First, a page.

The Greenwich Skating Club held its second annual “Girls Try Hockey” event on Saturday.
Though the forecast was for rain, the skies were bright and the temps were mild – a perfect day for 3rd, 4th and 5th grade girls to sample a new sport.
With the help of Shannon Doyle, a player for the Connecticut Whale, who is also a coach at the Greenwich Skating Club, the girls did drills and games including Red Light / Green Light and Simon Says.
Girls were encouraged to bring their own gear, but whatever they didn’t own or couldn’t find as a hand-me-down was loaned to them by other players.
Volunteers and parents stood by to help the girls put on their equipment and tie their skates. In addition to giving new players a chance to experience hockey, the event allowed girls who might be interested in playing next season the opportunity to meet with current players.
“It’s not about a path to stardom,” said GSC co-head of hockey Jason Price. “It’s about having a great experience, and when you get older you’ll want to recreate it for your kids. The girls are having fun and building both relationships and skills.”
The event, organized by club president GSC president Don Raftery, John Unger, Matt Arpano, Jason Price and club general manager Brent Brower, was an opportunity for girls with limited exposure to the sport to give it a try, including several figure skaters.
According to Mr. Raftery, figure skaters often become excellent hockey players.
“We have lots of figure skaters come out who want to try ice hockey,” he said. “They’re often some of the greatest players because they already know how to skate and how to use their edges. All they need to learn is how to use their stick and how to put on the equipment.”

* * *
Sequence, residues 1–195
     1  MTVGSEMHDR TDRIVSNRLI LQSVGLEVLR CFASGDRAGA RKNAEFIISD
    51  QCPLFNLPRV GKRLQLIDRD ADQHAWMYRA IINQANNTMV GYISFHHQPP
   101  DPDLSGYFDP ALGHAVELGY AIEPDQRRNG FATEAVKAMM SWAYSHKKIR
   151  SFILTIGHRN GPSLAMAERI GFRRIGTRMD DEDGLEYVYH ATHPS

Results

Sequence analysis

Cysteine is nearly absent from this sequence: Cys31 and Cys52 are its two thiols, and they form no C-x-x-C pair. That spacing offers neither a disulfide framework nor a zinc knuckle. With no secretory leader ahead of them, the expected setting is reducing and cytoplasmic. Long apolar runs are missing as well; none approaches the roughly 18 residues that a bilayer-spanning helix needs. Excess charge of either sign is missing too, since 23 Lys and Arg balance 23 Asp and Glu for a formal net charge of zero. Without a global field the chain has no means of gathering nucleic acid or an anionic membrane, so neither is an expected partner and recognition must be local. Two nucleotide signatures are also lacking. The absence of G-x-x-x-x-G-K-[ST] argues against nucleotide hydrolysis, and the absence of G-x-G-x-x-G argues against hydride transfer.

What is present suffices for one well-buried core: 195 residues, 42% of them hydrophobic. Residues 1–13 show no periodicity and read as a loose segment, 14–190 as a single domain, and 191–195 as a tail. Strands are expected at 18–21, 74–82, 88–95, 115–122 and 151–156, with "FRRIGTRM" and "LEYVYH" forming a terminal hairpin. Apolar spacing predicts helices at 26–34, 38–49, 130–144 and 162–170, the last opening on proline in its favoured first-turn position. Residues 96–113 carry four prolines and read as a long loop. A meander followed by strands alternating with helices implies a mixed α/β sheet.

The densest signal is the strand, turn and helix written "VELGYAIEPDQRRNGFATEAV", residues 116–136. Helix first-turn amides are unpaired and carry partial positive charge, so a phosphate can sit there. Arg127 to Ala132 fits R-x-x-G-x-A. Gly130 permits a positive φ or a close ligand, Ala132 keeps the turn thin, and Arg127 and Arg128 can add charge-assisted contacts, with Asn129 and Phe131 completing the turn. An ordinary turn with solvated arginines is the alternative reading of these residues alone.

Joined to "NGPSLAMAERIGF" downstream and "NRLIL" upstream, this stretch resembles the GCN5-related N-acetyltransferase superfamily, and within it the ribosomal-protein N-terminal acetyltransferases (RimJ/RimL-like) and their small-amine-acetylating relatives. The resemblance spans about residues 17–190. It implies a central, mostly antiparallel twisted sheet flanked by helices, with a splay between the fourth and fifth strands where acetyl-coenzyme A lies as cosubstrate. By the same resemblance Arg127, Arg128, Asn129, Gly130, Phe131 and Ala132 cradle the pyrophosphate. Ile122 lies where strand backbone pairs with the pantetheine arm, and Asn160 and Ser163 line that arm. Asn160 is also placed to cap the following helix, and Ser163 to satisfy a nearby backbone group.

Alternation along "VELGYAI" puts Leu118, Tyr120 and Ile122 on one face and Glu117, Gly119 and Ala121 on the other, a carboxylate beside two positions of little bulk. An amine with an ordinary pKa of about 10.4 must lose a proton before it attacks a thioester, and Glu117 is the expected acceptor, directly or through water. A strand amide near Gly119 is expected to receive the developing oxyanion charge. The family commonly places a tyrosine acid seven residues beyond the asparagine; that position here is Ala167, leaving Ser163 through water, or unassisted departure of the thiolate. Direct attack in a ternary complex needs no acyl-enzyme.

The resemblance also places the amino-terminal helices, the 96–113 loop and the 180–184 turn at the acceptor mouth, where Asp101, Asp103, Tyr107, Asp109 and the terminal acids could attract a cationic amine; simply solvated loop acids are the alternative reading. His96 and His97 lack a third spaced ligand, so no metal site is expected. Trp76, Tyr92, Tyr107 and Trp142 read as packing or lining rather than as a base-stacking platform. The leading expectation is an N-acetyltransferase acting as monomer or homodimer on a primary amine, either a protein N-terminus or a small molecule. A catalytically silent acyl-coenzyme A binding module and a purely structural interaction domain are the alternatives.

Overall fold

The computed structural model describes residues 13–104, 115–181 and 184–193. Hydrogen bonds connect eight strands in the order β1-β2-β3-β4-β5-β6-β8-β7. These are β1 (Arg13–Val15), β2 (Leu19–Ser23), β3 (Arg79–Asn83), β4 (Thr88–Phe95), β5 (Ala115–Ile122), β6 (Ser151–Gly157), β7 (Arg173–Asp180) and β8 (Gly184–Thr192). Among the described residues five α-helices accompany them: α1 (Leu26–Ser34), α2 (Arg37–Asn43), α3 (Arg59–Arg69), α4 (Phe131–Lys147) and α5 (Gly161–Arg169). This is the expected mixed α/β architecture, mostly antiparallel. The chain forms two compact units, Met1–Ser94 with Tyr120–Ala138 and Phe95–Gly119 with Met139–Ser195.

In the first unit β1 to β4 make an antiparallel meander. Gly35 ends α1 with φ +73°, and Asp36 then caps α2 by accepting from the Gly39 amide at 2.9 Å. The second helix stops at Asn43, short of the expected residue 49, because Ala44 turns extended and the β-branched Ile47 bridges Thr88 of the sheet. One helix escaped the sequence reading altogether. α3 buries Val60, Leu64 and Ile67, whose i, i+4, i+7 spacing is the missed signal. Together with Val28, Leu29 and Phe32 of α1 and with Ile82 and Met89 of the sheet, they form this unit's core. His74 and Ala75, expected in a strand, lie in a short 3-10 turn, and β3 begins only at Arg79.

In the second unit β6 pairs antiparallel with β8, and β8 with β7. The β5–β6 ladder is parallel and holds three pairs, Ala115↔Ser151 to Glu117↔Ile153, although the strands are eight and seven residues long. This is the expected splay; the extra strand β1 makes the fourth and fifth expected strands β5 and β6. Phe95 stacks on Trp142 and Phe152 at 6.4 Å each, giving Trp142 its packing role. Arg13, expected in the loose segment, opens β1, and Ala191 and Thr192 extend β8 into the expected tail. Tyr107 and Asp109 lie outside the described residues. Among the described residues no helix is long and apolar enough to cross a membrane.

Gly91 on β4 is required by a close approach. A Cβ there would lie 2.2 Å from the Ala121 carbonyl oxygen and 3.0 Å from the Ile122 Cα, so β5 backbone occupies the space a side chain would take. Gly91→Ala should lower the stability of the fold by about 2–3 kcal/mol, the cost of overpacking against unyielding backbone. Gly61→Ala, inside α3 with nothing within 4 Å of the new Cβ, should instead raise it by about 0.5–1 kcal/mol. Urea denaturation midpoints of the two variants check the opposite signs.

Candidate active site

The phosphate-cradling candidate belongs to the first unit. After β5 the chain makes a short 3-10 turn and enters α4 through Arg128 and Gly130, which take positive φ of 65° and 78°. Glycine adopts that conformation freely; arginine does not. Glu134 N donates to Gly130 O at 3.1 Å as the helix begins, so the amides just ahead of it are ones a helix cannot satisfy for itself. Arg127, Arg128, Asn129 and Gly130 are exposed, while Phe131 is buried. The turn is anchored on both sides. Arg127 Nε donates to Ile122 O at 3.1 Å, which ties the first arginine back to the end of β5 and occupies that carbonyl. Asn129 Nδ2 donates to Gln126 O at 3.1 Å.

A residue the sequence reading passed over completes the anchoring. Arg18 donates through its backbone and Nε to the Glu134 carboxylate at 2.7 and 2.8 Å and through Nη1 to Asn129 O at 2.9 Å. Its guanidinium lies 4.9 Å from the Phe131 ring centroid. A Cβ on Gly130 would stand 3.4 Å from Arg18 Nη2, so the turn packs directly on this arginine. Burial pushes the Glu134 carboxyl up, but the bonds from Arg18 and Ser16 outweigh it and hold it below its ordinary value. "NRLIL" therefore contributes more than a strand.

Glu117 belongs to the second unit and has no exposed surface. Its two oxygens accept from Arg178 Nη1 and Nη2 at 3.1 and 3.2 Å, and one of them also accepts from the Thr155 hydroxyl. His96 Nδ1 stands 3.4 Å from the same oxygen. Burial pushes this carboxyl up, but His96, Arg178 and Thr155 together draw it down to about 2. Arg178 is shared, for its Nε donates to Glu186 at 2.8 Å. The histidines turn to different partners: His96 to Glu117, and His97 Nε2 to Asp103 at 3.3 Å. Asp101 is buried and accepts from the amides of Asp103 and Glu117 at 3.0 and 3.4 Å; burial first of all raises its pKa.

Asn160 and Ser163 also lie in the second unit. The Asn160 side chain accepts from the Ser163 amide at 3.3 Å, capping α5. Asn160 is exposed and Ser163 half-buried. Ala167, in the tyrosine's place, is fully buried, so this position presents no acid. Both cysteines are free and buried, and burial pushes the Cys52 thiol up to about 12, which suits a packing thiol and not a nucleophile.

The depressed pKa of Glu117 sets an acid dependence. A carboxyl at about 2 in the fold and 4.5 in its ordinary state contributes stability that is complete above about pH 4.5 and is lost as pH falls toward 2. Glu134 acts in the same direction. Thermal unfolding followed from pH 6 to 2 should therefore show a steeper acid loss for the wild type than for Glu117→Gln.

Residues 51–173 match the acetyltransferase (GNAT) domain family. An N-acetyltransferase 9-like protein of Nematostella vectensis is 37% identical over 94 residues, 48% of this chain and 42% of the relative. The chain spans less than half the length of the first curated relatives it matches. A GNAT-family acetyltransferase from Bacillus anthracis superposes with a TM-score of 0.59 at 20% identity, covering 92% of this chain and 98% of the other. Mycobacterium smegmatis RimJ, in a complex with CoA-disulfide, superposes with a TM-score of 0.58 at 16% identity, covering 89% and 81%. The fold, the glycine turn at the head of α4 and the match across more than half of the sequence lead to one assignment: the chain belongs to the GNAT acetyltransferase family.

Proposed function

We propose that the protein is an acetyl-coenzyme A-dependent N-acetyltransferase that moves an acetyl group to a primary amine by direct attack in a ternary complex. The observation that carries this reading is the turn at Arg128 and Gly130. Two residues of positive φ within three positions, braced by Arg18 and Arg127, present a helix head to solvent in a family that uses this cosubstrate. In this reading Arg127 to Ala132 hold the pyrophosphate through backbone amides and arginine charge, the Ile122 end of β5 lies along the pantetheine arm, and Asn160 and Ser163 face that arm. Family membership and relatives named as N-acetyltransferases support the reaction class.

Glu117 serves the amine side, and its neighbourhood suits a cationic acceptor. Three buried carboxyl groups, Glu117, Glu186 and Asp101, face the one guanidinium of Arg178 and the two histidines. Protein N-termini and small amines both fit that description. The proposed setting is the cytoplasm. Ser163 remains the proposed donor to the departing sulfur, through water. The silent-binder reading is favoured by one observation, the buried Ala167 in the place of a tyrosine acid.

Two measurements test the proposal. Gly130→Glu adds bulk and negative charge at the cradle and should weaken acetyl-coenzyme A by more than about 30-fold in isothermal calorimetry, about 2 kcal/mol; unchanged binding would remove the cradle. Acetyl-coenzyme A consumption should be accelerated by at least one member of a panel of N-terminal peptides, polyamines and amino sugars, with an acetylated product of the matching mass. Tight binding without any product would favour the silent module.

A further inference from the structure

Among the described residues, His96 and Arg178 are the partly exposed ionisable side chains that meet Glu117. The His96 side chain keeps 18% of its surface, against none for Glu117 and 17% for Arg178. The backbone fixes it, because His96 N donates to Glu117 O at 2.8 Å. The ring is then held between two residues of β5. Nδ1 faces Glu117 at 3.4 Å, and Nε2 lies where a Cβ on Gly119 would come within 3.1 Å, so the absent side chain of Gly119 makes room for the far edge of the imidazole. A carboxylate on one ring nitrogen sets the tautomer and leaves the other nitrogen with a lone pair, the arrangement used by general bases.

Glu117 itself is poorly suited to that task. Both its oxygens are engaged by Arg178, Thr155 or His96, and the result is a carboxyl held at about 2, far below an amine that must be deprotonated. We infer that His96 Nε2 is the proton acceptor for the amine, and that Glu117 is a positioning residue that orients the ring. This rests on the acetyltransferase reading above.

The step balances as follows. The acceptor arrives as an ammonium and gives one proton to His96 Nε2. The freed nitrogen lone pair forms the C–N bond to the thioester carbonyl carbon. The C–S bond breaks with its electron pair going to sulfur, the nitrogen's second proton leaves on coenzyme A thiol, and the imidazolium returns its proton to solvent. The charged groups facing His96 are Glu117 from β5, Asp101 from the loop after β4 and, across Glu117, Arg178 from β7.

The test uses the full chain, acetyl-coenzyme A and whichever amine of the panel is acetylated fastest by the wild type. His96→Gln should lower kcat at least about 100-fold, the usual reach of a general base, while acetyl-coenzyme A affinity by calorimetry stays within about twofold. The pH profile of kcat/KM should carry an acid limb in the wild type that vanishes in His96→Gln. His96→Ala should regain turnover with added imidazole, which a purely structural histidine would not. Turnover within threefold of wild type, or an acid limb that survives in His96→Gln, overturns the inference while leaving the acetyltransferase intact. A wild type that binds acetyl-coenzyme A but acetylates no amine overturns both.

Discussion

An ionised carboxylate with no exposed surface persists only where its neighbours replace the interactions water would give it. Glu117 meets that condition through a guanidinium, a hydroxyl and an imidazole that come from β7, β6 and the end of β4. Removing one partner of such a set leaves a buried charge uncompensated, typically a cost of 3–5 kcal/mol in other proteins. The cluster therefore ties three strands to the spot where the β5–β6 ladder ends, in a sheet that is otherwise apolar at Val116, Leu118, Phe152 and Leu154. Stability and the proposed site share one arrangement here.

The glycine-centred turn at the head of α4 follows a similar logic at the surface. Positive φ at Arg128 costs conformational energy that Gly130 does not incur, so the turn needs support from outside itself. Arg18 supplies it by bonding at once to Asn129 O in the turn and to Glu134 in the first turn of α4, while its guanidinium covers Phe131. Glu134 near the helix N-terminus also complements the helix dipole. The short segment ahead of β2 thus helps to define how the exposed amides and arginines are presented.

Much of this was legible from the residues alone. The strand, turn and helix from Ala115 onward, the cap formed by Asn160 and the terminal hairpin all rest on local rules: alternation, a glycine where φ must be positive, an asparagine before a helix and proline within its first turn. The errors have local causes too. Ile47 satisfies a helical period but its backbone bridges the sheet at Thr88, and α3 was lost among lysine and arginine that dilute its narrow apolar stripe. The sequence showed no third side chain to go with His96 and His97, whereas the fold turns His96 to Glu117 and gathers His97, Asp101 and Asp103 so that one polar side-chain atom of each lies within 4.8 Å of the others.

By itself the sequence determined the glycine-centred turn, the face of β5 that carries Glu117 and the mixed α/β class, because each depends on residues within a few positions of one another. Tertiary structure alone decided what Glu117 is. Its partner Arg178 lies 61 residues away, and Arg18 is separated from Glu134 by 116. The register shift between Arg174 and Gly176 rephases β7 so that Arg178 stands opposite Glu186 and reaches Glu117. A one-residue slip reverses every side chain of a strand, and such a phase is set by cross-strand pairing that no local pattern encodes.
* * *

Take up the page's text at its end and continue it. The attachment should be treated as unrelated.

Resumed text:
John Unger said the event goes a long way to filling the ranks of female hockey players.
“Girls hockey has been on thin ice,” Unger said. “You always need to be recruiting to keep the program going. But once the girls try it, they’re hooked.”
Richard Fulton, whose children play hockey at GSC and GHS said because of all the required gear, players are in locker room together 45 minutes before and after the game, and that all that extra time together fosters friendships. “You make lifetime friends playing hockey,” he said.
Fulton described hockey as an all-inclusive community sport. He said that by running events like Saturday’s, the Greenwich Skating Club is able to showcase girls hockey.
Raftery predicted that many girls would come back and try out for teams next season.
“Being a part of the program here makes you a hockey player for life,” Raftery said. “All it takes is a little push. And it’s a great time to capitalize on girls hockey given the win in the Olympics this past week.”
Indeed, girls hockey is on the rise, and coaches like Shannon Doyle and facilities like the Greenwich Skating Club are helping to make girls hockey a more popular sport.
Shannon Doyle, a coach at the Greenwich Skating Club, lead the girls in some drills with the help of her U14 team.
While Doyle organized the drills, the U14 players helped distribute gear and lead smaller breakout groups.
“Shannon is terrific,” Raftery said. “With her success in college as well as her playing with the NWHL for the Connecticut Whale, she is one of our marquee coaches.”
Raftery said Doyle has done such a terrific job with the program from the U12s and now with the U14s.
“She’s not just a coach, she’s also a role model,” he said. “The girls truly love her and she’s got a good mix of tough love and a sweetness. She knows when to put her arm around the girls, but also when to give them a kick in the backside.”
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